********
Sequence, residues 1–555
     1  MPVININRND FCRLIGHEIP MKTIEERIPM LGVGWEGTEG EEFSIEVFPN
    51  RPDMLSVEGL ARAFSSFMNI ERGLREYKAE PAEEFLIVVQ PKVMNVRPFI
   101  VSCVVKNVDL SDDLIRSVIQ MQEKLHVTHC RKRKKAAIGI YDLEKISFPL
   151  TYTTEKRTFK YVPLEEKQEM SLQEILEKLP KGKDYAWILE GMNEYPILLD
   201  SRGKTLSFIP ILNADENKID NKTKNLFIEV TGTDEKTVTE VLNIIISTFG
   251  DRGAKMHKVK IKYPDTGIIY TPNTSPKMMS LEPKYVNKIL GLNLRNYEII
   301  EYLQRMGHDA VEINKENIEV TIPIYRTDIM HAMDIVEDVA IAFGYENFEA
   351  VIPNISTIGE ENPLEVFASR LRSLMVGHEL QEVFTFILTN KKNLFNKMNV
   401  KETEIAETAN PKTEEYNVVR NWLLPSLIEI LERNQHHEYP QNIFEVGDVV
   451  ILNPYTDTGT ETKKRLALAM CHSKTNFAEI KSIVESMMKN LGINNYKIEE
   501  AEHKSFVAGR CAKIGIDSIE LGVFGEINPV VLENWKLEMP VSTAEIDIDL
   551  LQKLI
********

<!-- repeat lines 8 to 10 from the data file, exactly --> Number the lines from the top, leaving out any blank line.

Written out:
   301  EYLQRMGHDA VEINKENIEV TIPIYRTDIM HAMDIVEDVA IAFGYENFEA
   351  VIPNISTIGE ENPLEVFASR LRSLMVGHEL QEVFTFILTN KKNLFNKMNV
   401  KETEIAETAN PKTEEYNVVR NWLLPSLIEI LERNQHHEYP QNIFEVGDVV